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Bank of Korea launches legal advisory panel for digital currency

Bank of Korea Governor Lee Ju-yeol bangs a gavel during a monetary board meeting at its headquarters in Seoul on May 28. Yonhap
Bank of Korea Governor Lee Ju-yeol bangs a gavel during a monetary board meeting at its headquarters in Seoul on May 28. Yonhap

By Lee Min-hyung

The Bank of Korea (BOK) said Monday it had launched a legal advisory panel to review possible regulatory hurdles in issuing a central bank digital currency (CBDC).

The panel consists of six experts in the finance and IT sectors ― including professors of commercial law and lawyers specializing in fintech. One of them is from the BOK's legal policy office.

Starting Monday, the panel will be in operation at least until the end of May 2021, the central bank said.

"We established the advisory group to discuss legal issues surrounding a CBDC and figure out which laws need to be revised or enacted for smooth progress in the BOK's possible issuance of digital currency," an official from the bank said.

The launch of the panel is part of an initial step for the BOK's 22-month-long plan to develop its own CBDC. The drive started in March this year, and the central bank is enhancing its research capabilities to finish a pilot test on issuing a digital currency before the end of 2021.

The BOK established a digital currency research team in February to keep track of the latest trends at overseas central banks in the possible issuance of their digital currencies.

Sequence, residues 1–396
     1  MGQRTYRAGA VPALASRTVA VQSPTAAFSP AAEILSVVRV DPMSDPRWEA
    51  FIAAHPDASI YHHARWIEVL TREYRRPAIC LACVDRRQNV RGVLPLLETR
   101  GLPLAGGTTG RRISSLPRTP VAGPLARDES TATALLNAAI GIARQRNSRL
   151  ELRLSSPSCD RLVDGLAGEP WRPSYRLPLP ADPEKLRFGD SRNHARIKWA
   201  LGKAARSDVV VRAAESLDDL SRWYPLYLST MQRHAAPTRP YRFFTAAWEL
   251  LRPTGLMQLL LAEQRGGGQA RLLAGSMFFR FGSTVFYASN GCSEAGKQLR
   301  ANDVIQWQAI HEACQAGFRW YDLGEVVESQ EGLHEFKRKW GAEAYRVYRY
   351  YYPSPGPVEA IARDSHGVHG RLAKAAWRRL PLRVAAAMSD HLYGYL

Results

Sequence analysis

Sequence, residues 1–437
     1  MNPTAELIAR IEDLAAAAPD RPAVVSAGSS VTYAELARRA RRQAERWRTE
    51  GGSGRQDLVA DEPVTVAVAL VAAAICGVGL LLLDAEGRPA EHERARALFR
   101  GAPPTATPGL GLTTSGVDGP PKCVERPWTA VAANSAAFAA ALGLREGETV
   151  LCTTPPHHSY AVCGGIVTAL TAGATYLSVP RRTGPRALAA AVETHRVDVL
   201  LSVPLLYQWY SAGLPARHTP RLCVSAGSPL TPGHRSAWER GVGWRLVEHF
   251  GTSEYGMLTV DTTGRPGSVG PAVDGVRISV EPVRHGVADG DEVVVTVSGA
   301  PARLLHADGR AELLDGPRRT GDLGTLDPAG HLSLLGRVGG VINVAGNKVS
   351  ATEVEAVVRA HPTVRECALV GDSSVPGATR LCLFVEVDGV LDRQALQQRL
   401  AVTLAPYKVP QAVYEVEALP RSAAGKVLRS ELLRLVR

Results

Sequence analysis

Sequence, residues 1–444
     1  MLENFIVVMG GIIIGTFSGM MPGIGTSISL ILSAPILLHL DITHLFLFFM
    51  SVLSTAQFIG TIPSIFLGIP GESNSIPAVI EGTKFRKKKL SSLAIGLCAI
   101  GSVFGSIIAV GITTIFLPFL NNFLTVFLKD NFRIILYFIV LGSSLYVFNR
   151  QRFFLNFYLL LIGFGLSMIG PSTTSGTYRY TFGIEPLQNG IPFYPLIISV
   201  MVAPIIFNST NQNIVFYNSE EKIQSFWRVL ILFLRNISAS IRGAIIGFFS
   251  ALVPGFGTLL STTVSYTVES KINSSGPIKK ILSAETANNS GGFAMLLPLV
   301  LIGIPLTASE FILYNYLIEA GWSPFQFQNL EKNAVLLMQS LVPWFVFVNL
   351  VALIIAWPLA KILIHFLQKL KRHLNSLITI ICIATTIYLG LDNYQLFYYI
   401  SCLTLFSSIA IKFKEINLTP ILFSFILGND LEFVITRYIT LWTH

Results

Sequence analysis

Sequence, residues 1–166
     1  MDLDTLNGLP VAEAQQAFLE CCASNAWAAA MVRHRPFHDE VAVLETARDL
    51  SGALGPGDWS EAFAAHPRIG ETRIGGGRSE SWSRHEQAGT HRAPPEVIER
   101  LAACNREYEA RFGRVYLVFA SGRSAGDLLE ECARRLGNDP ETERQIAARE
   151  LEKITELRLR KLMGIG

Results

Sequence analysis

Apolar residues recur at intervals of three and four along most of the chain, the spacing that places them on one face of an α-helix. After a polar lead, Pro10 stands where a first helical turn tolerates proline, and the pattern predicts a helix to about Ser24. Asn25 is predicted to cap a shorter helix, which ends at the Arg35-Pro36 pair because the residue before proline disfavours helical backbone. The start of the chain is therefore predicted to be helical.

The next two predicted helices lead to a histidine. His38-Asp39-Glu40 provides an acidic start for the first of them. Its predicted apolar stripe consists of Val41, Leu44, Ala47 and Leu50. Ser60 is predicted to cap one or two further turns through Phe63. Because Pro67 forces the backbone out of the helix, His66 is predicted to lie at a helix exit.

Global financial powerhouses ― such as the United States and Japan ― are on boosting research into CBDCs, in a bid not to fall behind the global financial paradigm shift. With central banks from a growing number of countries jumping on the digital drive, the BOK is also speeding up its digital currency initiatives.

In a recent speech celebrating the 70th anniversary of the central bank, BOK Governor Lee Ju-yeol underlined the need to enhance research and development in CBDCs, saying digital innovation is a crucial task private lenders as well as central banks should embrace amid the rise of contactless payment.


Bank of Korea Governor Lee Ju-yeol bangs a gavel during a monetary board meeting at its headquarters in Seoul on May 28. Yonhap
Bank of Korea Governor Lee Ju-yeol bangs a gavel during a monetary board meeting at its headquarters in Seoul on May 28. Yonhap

By Lee Min-hyung

The Bank of Korea (BOK) said Monday it had launched a legal advisory panel to review possible regulatory hurdles in issuing a central bank digital currency (CBDC).

The panel consists of six experts in the finance and IT sectors ― including professors of commercial law and lawyers specializing in fintech. One of them is from the BOK's legal policy office.

Starting Monday, the panel will be in operation at least until the end of May 2021, the central bank said.

"We established the advisory group to discuss legal issues surrounding a CBDC and figure out which laws need to be revised or enacted for smooth progress in the BOK's possible issuance of digital currency," an official from the bank said.

The launch of the panel is part of an initial step for the BOK's 22-month-long plan to develop its own CBDC. The drive started in March this year, and the central bank is enhancing its research capabilities to finish a pilot test on issuing a digital currency before the end of 2021.

The BOK established a digital currency research team in February to keep track of the latest trends at overseas central banks in the possible issuance of their digital currencies.

Global financial powerhouses ― such as the United States and Japan ― are on boosting research into CBDCs, in a bid not to fall behind the global financial paradigm shift. With central banks from a growing number of countries jumping on the digital drive, the BOK is also speeding up its digital currency initiatives.

In a recent speech celebrating the 70th anniversary of the central bank, BOK Governor Lee Ju-yeol underlined the need to enhance research and development in CBDCs, saying digital innovation is a crucial task private lenders as well as central banks should embrace amid the rise of contactless payment.


Lee Min-hyung mhlee@koreatimes.co.kr


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